Bonhoeffer uses a similar phrase 'worldly Christianity'. It's J Gresham Machen that I want to line up most closely with. See his Christianity and culture here. Having done commentaries on Proverbs (Heavenly Wisdom) and Song of Songs (Heavenly Love), a matching title for Ecclesiastes would be Heavenly Worldliness. For my stance on worldliness, see 3 posts here.

Lord's Day March 30 2014

I was away from Childs Hill yesterday down at Pains Hill where I preach from time to time. It's always good to catch up with old friends there. Pains Hill Chapel is a lovely little chapel in the midst of the Surrey countryside. About twenty were there in the morning and a few less in the evening. I preached on 1 Kings 3:1-14 and 1 Thessalonians 1:4-10. The organist was away but we managed okay as she has recorded several of the hymns and it was possible to play these through the keyboard and we sang without too much difficulty eight hymns from a  limited selection available. My assistant Andrew Lolley preached here and got on very well I understand.

Sylvia Plath Bell Jar

In my efforts to catch up on unread novels I downloaded and read Sylvia Plath's only novel The Bell Jar, which first appeared in 1963. A short book, it is apparently very autobiographical. I whizzed through the first part and then as she started to descend it was more difficult to enjoy but it improved after that dip and is a pretty good read on the whole, written well and exploring an interesting subject. I guess they give it to teenagers to read because it is about a young woman. It reads very true to life if I remember rightly. I'd rather be reading it at 54 then 24 I guess. It's apparently not well admired but I think it is a pretty good piece of work. The fact of Plath's eventual suicide shortly after hangs over the whole thing. It is very difficult to know how to live once you throw over biblical morality. It does no-one any favours to live without that. I saw a lovely hardback edition in Waterstones today. The kindle version is a quarter of the price.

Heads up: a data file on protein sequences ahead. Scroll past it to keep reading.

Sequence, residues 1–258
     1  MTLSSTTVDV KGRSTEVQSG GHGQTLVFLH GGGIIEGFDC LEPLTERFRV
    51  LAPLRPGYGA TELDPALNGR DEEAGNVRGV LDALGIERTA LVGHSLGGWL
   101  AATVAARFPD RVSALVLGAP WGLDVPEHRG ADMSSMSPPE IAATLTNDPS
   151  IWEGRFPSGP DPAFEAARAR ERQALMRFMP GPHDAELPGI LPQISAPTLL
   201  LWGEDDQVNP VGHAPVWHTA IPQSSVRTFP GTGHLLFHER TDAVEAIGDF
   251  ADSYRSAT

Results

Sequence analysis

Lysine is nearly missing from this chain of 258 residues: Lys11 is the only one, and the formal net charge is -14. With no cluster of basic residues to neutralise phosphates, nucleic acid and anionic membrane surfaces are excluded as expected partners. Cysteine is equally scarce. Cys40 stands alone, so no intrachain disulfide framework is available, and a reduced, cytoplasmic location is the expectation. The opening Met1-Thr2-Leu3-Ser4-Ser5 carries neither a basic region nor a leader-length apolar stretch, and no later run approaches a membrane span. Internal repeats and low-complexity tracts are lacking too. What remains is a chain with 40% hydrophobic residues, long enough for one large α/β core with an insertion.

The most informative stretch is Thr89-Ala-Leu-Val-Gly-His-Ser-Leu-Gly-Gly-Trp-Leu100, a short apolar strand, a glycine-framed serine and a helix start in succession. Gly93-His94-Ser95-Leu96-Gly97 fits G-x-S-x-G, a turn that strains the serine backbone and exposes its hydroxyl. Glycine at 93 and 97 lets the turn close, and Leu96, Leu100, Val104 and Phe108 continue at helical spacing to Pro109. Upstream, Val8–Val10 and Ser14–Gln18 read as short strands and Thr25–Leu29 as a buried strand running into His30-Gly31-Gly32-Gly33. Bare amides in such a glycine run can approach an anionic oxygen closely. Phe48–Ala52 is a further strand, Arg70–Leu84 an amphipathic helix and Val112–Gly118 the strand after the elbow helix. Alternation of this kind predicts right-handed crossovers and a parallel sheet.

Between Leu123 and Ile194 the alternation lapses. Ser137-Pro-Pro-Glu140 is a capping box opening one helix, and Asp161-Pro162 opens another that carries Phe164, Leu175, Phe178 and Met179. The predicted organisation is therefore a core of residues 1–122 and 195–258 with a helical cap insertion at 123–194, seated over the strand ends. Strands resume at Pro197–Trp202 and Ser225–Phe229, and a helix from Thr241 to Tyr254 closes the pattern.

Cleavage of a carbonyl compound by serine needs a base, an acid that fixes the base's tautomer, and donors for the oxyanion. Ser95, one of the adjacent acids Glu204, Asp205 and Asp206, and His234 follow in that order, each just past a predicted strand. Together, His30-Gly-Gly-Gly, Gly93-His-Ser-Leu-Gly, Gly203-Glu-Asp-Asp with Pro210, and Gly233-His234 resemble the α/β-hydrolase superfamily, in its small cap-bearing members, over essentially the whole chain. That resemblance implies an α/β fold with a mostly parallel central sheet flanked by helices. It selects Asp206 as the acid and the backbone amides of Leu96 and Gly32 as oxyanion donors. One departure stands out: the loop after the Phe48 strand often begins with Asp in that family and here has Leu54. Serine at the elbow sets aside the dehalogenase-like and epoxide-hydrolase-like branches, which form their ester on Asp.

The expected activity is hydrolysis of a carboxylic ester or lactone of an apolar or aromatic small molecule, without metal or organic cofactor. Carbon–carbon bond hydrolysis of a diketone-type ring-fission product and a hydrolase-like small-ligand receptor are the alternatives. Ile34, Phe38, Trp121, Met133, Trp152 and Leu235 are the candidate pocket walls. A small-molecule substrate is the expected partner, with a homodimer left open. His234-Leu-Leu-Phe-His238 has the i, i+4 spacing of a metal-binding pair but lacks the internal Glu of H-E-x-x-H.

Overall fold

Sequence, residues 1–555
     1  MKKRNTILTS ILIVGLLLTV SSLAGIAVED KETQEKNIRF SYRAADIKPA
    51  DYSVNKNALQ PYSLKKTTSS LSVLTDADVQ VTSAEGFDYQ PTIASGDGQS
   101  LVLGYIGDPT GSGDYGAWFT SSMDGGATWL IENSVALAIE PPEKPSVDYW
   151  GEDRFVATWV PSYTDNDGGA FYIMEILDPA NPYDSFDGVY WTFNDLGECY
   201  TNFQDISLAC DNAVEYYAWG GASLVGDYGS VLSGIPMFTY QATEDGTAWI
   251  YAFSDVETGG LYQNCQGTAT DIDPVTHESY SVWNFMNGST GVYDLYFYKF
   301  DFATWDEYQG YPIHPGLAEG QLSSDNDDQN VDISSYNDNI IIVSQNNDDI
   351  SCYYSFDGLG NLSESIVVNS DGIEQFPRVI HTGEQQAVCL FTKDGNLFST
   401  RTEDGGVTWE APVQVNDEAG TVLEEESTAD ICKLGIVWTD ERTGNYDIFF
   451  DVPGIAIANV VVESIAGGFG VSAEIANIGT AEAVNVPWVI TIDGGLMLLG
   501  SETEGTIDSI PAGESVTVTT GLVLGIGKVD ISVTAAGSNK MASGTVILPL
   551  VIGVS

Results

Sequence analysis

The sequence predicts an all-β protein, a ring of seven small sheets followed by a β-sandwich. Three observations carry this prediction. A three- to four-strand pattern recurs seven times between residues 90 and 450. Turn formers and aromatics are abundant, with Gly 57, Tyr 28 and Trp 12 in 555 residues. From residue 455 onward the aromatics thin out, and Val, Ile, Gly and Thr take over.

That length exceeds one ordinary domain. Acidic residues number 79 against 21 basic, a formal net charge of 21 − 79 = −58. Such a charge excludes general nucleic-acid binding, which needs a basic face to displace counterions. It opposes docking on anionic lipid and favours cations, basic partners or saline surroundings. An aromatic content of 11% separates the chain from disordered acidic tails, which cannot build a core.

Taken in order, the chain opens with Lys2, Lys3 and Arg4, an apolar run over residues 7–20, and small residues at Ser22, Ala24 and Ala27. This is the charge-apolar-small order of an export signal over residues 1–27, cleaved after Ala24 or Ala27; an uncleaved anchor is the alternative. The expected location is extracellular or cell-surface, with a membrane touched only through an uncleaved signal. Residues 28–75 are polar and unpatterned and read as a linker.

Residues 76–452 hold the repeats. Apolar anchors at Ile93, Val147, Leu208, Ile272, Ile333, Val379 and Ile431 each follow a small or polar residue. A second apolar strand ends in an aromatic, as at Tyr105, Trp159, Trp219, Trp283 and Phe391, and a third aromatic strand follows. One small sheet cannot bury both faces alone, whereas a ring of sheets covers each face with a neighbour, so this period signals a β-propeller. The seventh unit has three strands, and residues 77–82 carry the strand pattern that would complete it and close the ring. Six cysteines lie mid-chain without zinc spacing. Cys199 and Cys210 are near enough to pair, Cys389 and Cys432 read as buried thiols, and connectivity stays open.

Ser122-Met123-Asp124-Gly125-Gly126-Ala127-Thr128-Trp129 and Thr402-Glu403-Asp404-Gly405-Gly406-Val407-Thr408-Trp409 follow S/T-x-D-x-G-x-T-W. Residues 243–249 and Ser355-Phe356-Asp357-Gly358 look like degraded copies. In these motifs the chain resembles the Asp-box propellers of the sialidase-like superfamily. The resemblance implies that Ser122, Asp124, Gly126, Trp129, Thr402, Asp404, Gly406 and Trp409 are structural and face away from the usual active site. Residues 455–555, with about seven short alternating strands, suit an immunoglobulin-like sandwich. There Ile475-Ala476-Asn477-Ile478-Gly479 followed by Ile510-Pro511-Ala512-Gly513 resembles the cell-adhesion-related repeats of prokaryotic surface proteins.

Mothers Protest

Many of you will be aware that tomorrow is both Mother's Day and the day the clocks go forward. No doubt many mother's are on the street with others complaining about this juxtaposition. Mothers are basically losing an hour of the one day in the year when they are no doing everything.

Noah

(Paul Gamston or Russell Crowe?)
I was able to see the new film Noah yesterday afternoon. I have sent this review to Evangelical Times.
 
Noah 12A, a Paramount Pictures production in cinemas from April 4
 
One of my pet hates is the dinky sort of “Noah's ark” you see in toy shops and in children's books. The ark in Paramount Pictures new film Noah is nothing like that. It is a hulking great thing and when the animals come into it and it floats on the surface of the water in a worldwide flood, it is a great sight to behold. However, that is probably the best that can be said for a film that most Christians will be very disappointed with. The very fact I need to use the term spoiler alert here will give a hint at how far from the Bible account Darren Aronofsky's film strays.
Turning biblical narrative into a cinematic experience is fraught with difficulties. The very statement “12A Contains moderate violence, injury detail, threat” seems a little weird. We know that a feature film will never simply follow a narrative but needs to build in its own dramatic tensions. We were pleased not to have to hear an actor giving the voice of God and we were not surprised to see Noah's wife (Jennifer Connolly) given such a big part. We were willing to allow a large part to Shem's wife (Emma Watson, famous from the Harry Potter films) too and we can see that there is some room for argument on how Methusaleh, Lamech and Ham are presented and on whether Noah became a grandfather while on the ark. (The film takes us from Noah's childhood to his drunkenness and repentance with backward glances to the earlier chapters of Genesis). We can even overlook inaccuracies such as ignoring the 120 year gap between the command to build the ark and the flood.